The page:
The night was inky black – the cloud cover didn’t afford us any moon or stars. I don’t recall even using our headlamps – maybe we were saving them, just in case we ran into something unexpected. We plodded along the road for maybe half an hour until we came to what seemed like a fence across our path. Turning on the light, we saw that it was. All these years later, I’m not sure if it was barbed wire or something else. In any case, we climbed over it and stood on another road. Turning off the light once again, we started walking along this road, which was very flat and extremely smooth, like walking on a newly-made dirt road. The going was getting better all the time. All of a sudden, out of the darkness came such a racket that it scared the daylights out of us. It was a bunch of dogs, barking and howling at full volume. Once again we turned on the light, and saw that they were confined to a pen. Thank God for that, or they would’ve ripped out lungs out.
We just kept going, thinking that this long day couldn’t get any more eventful, when lights ahead came into sharp focus and we saw the outline of buildings. It was the work of but a few minutes to get there, and we found ourselves in front of a large structure, brightly lit. There seemed to be a front entrance with large glass doors, so up to it we went. Inside, we saw a young woman, uniformed, sitting inside a glass-walled enclosure. What was this place? As we pounded on the door to get her attention, she looked up. Upon seeing us, her jaw dropped.
Hesitantly, she approached the door. I remember shouting to her something to the effect that we had “Just come down from Mt. Graham, in a storm”. She said she wasn’t allowed to unlock the door, but would go get her boss right away. Very quickly, she returned with a serious-looking man who acted like her superior. He unlocked the door to talk to us, but I don’t recall that he let us in. We explained where we had come from, and he seemed incredulous. He then explained that this was a state prison, and that we shouldn’t even be there. Next, he asked how we had even gotten there, and we said “Simple, we just climbed over the fence and walked the road, past the dogs, around to your front door”. He then informed us that we had just walked all along his perimeter road which they dragged regularly so that escaping inmates’ footsteps could be easily seen.
We apologized, then told him we really needed his help. Once we explained what had happened, he seemed a little bit more sympathetic. Explaining that he needed to get us off the property, he offered to give us a ride (again, breaking some rule or another) in a state vehicle to where he thought somebody might be able to help us. As we drove, savoring the warmth the truck cab offered, he told us that once an inmate had escaped from the prison in the middle of winter and fled up the mountain the way we had come down. They found his frozen body months later.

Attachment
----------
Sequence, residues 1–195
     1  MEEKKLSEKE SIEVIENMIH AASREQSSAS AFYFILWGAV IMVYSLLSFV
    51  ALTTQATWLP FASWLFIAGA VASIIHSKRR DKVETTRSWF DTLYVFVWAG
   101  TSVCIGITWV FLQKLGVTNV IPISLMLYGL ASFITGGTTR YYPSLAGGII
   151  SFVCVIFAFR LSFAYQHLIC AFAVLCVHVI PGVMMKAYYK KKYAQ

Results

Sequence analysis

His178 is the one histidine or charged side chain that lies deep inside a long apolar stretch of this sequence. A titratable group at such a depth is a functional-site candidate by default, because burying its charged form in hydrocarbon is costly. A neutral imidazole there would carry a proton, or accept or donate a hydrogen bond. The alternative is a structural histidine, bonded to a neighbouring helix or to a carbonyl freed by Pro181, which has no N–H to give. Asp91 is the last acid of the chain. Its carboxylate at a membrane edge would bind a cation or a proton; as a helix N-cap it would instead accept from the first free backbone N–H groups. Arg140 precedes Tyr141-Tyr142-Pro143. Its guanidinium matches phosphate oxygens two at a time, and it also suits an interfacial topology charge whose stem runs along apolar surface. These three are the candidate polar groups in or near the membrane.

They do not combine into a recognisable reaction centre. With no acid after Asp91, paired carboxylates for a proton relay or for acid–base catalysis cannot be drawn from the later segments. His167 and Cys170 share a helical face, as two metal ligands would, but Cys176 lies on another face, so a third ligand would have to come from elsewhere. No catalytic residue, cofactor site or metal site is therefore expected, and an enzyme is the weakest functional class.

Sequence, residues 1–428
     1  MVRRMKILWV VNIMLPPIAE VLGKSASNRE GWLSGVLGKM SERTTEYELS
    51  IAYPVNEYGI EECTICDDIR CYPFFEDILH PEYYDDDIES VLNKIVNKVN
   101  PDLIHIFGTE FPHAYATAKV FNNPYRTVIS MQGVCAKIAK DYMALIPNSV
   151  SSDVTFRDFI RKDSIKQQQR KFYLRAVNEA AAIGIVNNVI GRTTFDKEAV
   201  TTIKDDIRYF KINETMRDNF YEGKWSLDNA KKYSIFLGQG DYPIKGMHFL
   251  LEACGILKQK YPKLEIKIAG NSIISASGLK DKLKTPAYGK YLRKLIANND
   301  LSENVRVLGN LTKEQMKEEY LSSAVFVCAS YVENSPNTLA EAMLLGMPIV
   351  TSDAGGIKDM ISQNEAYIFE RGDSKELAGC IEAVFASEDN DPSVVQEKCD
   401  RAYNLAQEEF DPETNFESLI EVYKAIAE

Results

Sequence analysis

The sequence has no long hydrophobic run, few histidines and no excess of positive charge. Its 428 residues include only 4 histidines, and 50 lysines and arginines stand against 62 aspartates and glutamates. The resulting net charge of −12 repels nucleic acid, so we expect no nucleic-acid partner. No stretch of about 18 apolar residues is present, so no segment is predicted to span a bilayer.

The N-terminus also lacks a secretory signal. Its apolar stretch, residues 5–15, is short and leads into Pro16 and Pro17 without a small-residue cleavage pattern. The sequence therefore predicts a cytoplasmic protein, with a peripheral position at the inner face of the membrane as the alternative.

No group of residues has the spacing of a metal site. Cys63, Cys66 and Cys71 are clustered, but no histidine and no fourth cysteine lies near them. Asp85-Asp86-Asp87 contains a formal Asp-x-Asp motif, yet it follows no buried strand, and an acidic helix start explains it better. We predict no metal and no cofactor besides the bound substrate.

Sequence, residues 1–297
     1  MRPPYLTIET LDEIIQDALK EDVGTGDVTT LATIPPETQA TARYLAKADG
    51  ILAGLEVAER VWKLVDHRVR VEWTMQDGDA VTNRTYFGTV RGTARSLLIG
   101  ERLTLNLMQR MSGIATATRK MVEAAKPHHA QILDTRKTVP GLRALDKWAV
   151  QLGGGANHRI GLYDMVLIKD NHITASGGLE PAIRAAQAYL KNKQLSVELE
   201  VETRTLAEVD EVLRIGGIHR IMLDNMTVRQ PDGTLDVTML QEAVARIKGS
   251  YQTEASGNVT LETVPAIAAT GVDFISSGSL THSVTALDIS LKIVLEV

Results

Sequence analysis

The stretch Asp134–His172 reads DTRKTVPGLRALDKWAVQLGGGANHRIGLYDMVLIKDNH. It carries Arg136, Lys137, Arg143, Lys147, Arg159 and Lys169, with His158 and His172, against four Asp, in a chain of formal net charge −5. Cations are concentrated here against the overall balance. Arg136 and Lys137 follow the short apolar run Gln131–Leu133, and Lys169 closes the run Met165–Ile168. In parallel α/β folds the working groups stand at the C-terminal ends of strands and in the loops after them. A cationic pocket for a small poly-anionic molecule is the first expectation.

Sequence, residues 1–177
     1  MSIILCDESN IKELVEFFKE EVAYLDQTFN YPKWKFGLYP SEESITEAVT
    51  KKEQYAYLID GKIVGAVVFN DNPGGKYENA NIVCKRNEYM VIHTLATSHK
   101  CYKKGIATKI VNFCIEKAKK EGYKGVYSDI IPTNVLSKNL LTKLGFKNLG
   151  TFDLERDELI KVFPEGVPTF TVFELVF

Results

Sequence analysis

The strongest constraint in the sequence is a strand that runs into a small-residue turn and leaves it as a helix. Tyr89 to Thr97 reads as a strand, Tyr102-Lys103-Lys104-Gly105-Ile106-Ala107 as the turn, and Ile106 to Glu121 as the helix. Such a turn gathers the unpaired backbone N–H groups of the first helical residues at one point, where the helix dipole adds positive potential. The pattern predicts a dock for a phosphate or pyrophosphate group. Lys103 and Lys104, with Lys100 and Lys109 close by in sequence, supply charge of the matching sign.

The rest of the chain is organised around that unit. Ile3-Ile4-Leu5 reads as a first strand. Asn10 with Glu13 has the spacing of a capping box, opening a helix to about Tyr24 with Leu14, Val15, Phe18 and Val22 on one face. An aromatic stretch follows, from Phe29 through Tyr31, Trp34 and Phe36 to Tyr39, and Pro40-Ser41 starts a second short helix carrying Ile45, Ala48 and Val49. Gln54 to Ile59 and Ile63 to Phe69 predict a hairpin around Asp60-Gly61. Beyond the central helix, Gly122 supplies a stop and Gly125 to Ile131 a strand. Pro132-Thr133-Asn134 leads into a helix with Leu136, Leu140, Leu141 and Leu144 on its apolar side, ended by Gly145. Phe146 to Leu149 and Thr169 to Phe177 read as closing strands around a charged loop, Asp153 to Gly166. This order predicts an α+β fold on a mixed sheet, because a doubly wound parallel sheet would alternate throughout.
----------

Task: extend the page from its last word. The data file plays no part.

Four miles later, he pulled up to a seedy-looking bar at a blip on the map called Bonita. “This is as far as I can take you folks – good luck”. He seemed relieved to be rid of us. In we went to the smoke-filled joint. In the dim light, we saw that there was only one patron drowning his sorrows. He was so far-gone that, when we asked him for a ride, he didn’t even hesitate, even when we told him that we needed to get to Willcox, 35 or so miles away. He slammed down the rest of his beer and away we went.
Mercifully, he didn’t smoke in the truck. Unmercifully, he crawled along at 15 to 20 miles an hour on the paved road whose speed limit was 55. I kept offering to drive, not only to speed things up but also because he was really drunk and was all over the road. He’d have none of it, so on we plodded. I swear to God, that drive turned out to be worse than the climb down the mountain. Two hours later, we pulled into the town of Willcox, Arizona on Interstate 10. Our driver, whose name I’ve totally forgotten, said he’d hang out with us for a while if we’d like. Sorry to say, we couldn’t bear it, so we made up some cockamamie excuse as to why that couldn’t happen, forced some cash on him for the ride, and, much relieved, watched him weave his way back north into the night.
There we were, standing outside the Pizza Hut in the cool rainy night. The odor of warm pizza wafting outside seemed like manna from heaven. In we went, still wearing our soiled raingear and no doubt looking somewhat the worse for wear. Once we had ordered the biggest pie they made, and of course a pitcher of beer, I had the gall to place a collect call to our friends Mary Beth and Wade in Tucson. Awakened from a sound sleep, they listened to the very short version of our sad tale, got dressed and drove for two hours to reach us. By then, we had closed the place down and were waiting outside for our friends when they arrived. Our saviors, they drove us all the way to our home, a much longer drive than just to theirs. We felt more dead than alive by the time we collapsed into bed.
I guess this story had a happy ending. My truck was gone, but we didn’t die, right? They say a picture is worth a thousand words. If any pictures had survived this epic, maybe I wouldn’t have needed the 3,400 words it took to tell, but, alas, there are none. But, there is one more thing I should tell you – this story has a sequel. Stay tuned.
To be continued…………………………………….